Another advantageous embodiment of the present invention includes that the means for carrying out the auto-test of the sensor is provided in such a way that the auto-test is able to take place during the normal measuring operation. Because of that, the correct functioning of the sensor may be tested at any time, even during the measurements.
It is of advantage that the sensor represents a capacitive sensor, especially a sensor having a differential capacitor structure. Capacitive sensors are susceptible in a special way to potential fluctuations and to faulty signals as a result of that.
It is advantageous that the micromechanical functional part is situated on one substrate and the electronic evaluation circuit is situated on at least one other substrate. When the micromechanical functional parts and the evaluation circuit are situated on different substrates, a specified common potential created by electrical connecting lines is especially important.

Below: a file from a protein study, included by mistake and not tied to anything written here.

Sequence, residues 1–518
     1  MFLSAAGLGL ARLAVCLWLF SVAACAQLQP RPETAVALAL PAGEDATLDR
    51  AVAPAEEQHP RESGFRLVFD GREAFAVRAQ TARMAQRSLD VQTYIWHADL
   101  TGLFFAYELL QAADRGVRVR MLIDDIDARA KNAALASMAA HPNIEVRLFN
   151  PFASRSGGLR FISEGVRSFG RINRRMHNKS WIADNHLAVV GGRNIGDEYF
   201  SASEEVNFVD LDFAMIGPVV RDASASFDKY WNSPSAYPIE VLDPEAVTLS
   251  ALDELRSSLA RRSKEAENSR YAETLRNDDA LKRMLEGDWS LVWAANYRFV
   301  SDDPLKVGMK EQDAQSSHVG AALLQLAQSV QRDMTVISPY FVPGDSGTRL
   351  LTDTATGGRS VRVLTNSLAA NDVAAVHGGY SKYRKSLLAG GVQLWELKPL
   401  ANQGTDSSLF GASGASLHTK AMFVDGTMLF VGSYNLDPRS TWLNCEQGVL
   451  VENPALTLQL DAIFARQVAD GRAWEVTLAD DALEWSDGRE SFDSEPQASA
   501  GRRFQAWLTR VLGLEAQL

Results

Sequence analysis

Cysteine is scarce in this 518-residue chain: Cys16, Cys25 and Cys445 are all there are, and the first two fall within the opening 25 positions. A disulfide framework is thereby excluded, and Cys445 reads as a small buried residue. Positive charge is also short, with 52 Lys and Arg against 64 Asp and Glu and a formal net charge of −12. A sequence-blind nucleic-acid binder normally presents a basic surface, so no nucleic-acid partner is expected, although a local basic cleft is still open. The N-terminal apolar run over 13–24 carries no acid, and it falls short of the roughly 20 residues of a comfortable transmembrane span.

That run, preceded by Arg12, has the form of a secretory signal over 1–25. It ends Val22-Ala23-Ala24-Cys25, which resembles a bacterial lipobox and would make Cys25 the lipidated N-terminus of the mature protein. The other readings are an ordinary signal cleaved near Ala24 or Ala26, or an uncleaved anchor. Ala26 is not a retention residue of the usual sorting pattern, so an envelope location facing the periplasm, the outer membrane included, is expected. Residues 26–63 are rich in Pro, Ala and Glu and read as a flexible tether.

In addition, it is advantageous that, using the auto-test, the condition of a substrate connection and/or ground connection between the micromechanical functional part and the electronic evaluation circuit is able to be checked. Faulty measurements as a result of faulty substrate connections pose a problem in micromechanical sensors that is difficult to detect. The condition of this electrical connection is also able to be checked advantageously with respect to interruption or a high-ohmic state.
It is particularly advantageous that the auto-test includes emitting an electrical signal by the electronic evaluation circuit to the micromechanical functional part and a resulting sensor measuring signal. In this way, measuring errors may already be reflected in the test operation as a result of potential changes.